Segmentation fault when using arena allocator

Hello, I’m trying to use the arena allocator to allocate some temporary pages in memory, then deallocate everything after flushing these pages to disk.

The fields of my struct look like this:

fd: std.os.fd_t,
root_ptr: u64,
mmap: struct {
    file_size: u64,
    mmap_size: u64,
    chunks: std.ArrayList([]align(page_size) u8),
tmp: struct {
    n_flushed: u64,
    pages: std.ArrayList([]u8),
    arena: std.heap.ArenaAllocator,
allocator: std.mem.Allocator,

I initialize some of these fields like this:

var self: Self = undefined;
self.fd = try, std.os.O.RDWR | std.os.O.CREAT, 0o0644);
self.mmap.chunks = std.ArrayList([]align(page_size) u8).init(allocator);
self.tmp.pages = std.ArrayList([]u8).init(allocator);
self.tmp.arena = std.heap.ArenaAllocator.init(allocator);
self.allocator =;

errdefer self.deinit();

// some mmap related stuff...

But when I try to allocate a page like this inside some other function:

var tmp_page = try self.allocator.alloc(u8, page_size)

I get this error:

run test: error: Segmentation fault at address 0x0
/home/luiz/zig/zig-linux-x86_64-0.12.0-dev.415+5af5d87ad/lib/std/heap/arena_allocator.zig:186:77: 0x240cb1 in alloc 
            const cur_alloc_buf = @as([*]u8, @ptrCast(cur_node))[];
/home/luiz/zig/zig-linux-x86_64-0.12.0-dev.415+5af5d87ad/lib/std/mem/Allocator.zig:215:29: 0x23f4ec in allocBytesWit
hAlignment__anon_5707 (test)
    // The Zig Allocator interface is not intended to solve alignments beyond
/home/luiz/zig/zig-linux-x86_64-0.12.0-dev.415+5af5d87ad/lib/std/mem/Allocator.zig:211:40: 0x23b44d in allocWithSize
AndAlignment__anon_4391 (test)
    return self.allocBytesWithAlignment(alignment, byte_count, return_address);
/home/luiz/zig/zig-linux-x86_64-0.12.0-dev.415+5af5d87ad/lib/std/mem/Allocator.zig:137:75: 0x22acc1 in alloc__anon_2
412 (test)
    comptime optional_alignment: ?u29,
/home/luiz/Documents/codes/zig/zdb/src/DiskPager.zig:102:44: 0x231df9 in new (test)
    var tmp_page = try self.allocator.alloc(u8, page_size);

If instead I allocate like this:

var tmp_page = try self.tmp.arena.allocator().alloc(u8, page_size);

Everything works fine, but I would much prefer to have an allocator field separated as it is part of the api I’m planing. How can I solve this problem when using the self.allocator field?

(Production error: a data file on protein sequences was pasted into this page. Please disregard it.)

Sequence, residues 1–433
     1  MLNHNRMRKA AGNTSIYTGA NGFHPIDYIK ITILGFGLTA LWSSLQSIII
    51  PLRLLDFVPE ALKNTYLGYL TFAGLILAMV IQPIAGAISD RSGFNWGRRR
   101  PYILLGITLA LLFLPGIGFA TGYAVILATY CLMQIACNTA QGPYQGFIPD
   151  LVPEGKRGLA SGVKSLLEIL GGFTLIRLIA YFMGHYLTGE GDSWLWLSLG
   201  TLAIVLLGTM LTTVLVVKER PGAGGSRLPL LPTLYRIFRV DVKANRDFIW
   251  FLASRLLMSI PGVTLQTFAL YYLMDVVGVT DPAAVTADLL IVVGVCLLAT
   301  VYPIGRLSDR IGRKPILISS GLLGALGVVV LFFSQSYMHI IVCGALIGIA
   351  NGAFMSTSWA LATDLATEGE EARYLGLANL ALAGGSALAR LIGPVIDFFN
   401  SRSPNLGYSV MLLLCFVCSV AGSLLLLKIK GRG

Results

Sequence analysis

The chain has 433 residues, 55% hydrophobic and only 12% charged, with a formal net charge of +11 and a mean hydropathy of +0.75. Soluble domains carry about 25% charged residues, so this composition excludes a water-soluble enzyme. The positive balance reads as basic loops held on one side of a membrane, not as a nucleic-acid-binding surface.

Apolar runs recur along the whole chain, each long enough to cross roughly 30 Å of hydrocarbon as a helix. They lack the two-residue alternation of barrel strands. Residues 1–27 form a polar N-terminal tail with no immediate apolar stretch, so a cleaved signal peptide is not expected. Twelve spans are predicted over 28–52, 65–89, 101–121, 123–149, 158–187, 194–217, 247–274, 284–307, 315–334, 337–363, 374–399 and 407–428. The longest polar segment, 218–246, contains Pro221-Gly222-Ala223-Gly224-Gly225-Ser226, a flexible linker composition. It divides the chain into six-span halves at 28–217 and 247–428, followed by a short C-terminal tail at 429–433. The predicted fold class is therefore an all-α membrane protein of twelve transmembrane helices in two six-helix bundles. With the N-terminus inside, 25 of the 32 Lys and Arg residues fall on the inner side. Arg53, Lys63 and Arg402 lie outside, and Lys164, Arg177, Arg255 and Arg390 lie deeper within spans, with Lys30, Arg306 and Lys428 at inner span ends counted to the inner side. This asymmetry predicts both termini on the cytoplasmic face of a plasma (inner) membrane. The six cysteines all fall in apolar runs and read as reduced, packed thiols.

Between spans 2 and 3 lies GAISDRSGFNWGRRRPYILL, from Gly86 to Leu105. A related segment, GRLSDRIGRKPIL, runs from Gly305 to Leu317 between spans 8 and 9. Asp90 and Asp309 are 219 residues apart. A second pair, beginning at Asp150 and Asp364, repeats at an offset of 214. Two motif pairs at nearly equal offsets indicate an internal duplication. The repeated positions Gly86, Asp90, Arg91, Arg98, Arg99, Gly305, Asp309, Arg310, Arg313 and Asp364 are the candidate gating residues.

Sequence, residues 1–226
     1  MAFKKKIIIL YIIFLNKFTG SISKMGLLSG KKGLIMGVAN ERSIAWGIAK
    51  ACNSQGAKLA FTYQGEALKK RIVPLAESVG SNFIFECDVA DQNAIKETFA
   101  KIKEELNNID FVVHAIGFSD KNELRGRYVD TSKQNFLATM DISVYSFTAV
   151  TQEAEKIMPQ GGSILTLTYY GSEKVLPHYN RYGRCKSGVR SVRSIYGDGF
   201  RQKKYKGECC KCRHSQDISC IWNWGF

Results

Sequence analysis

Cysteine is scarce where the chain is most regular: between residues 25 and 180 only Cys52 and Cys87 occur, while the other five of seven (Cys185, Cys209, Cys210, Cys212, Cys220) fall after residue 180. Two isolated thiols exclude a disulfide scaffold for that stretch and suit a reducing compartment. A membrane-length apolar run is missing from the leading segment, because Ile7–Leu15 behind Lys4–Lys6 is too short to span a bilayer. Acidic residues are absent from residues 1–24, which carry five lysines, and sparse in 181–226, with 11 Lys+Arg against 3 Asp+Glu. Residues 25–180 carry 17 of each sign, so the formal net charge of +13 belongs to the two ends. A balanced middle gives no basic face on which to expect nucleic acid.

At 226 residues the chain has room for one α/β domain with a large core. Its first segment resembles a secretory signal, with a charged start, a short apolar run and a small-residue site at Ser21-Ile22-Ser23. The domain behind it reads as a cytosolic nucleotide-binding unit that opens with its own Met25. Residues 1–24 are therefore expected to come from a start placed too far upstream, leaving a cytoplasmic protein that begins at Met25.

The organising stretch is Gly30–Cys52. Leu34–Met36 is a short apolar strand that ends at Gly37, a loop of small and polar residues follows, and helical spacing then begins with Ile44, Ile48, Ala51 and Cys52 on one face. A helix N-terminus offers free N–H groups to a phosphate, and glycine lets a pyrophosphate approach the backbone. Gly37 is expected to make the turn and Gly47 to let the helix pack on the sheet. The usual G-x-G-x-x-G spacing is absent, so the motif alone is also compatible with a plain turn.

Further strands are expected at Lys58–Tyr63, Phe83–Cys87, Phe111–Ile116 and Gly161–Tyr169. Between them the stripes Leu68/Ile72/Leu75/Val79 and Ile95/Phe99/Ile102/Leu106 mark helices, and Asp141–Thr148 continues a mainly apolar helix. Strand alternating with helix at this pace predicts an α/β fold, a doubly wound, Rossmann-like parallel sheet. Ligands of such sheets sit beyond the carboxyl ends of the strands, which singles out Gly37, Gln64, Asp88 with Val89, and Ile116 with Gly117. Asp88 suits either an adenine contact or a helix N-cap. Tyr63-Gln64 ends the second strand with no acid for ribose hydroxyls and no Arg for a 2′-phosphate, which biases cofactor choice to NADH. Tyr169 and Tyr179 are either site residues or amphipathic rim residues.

I think I have the answer… hehe

Looking at the code in arena_allocator.zig, I realized that the allocator() function wraps the address of the arena. My code is inside a init function, probably it will copy the Self struct when returning it, so the arena address will be lost.

But now I don’t know how to solve it… should I allocate the Self struct in heap?

edit: this indeed solves the problem

In general, I would not make the Arena apart of the struct using it. Allocators ideally should give handles to memory that subsidiary structures “own” (in reality, they are renting it… especially from a stateful allocator).

In fact, this is part of why the .allocator() interface exists. It hands a pointer to an allocator for a structure to use. That way, your arena can be off-site of the structure and is not tied into the lifetimes of your objects.

For instance, with ArrayList, you’ll notice that it only takes an allocator interface. It doesn’t destroy the whole allocator when it’s done - it just returns the memory to the allocator when it’s done.

Here’s it’s deinit call - no deinit called against the allocator itself:

        /// Release all allocated memory.
        pub fn deinit(self: Self) void {
            if (@sizeOf(T) > 0) {


@AndrewCodeDev already commented why this isn’t a good idea. But to solve the general problem of how to initialize a struct if the initialization code requires the struct’s address, the current solution is to take the struct by pointer in the init function, assuming the value will be unitialized. Then, at the calling site, create a struct and set it to undefined. Pass the pointer of this undefined struct to the init function.

fn initRequiresAddress(self: *Self) void{
 //Init the self value.

fn callsite() void{
  var self: Self = undefined;

That are proposals to make this more ergonomic.


@luizcoro I don’t usually do this, but I am unmarking the solution provided. I understand that heap allocation will circumvent the current pointer issue, but in general this isn’t how the allocator interface was made to be used. We’re still tangling lifetimes here.

@LucasSantos provided a way to do this without heap allocation, however (as @LucasSantos mentioned) this is still only a work-around for your current situation.

Again, I’m only doing this because I want to promote best practices :slight_smile:


I totally understand. I had that lonely allocator inside Self as an API to another struct to use it. I think I understood your comment, instead of keeping that allocator field separated inside the Self struct, and Self being forced to allocate itself in heap, Self just provide a way to get the handle to whatever struct at the time needed. There is no address problem now since, in the scope initializing the other struct, everything is already set up. Thank you very much!

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There is no address problem now since, in the scope initializing the other struct, everything is already set up.

@luizcoro Sounds like you’re on a better track! I’m marking your new comment as the solution.

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